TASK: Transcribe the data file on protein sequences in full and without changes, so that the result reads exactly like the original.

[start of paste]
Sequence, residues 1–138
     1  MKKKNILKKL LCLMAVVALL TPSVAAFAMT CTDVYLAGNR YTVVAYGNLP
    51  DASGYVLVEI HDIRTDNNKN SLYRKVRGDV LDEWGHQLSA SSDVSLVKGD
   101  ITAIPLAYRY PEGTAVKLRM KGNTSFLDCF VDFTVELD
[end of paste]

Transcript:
Sequence, residues 1–138
     1  MKKKNILKKL LCLMAVVALL TPSVAAFAMT CTDVYLAGNR YTVVAYGNLP
    51  DASGYVLVEI HDIRTDNNKN SLYRKVRGDV LDEWGHQLSA SSDVSLVKGD
   101  ITAIPLAYRY PEGTAVKLRM KGNTSFLDCF VDFTVELD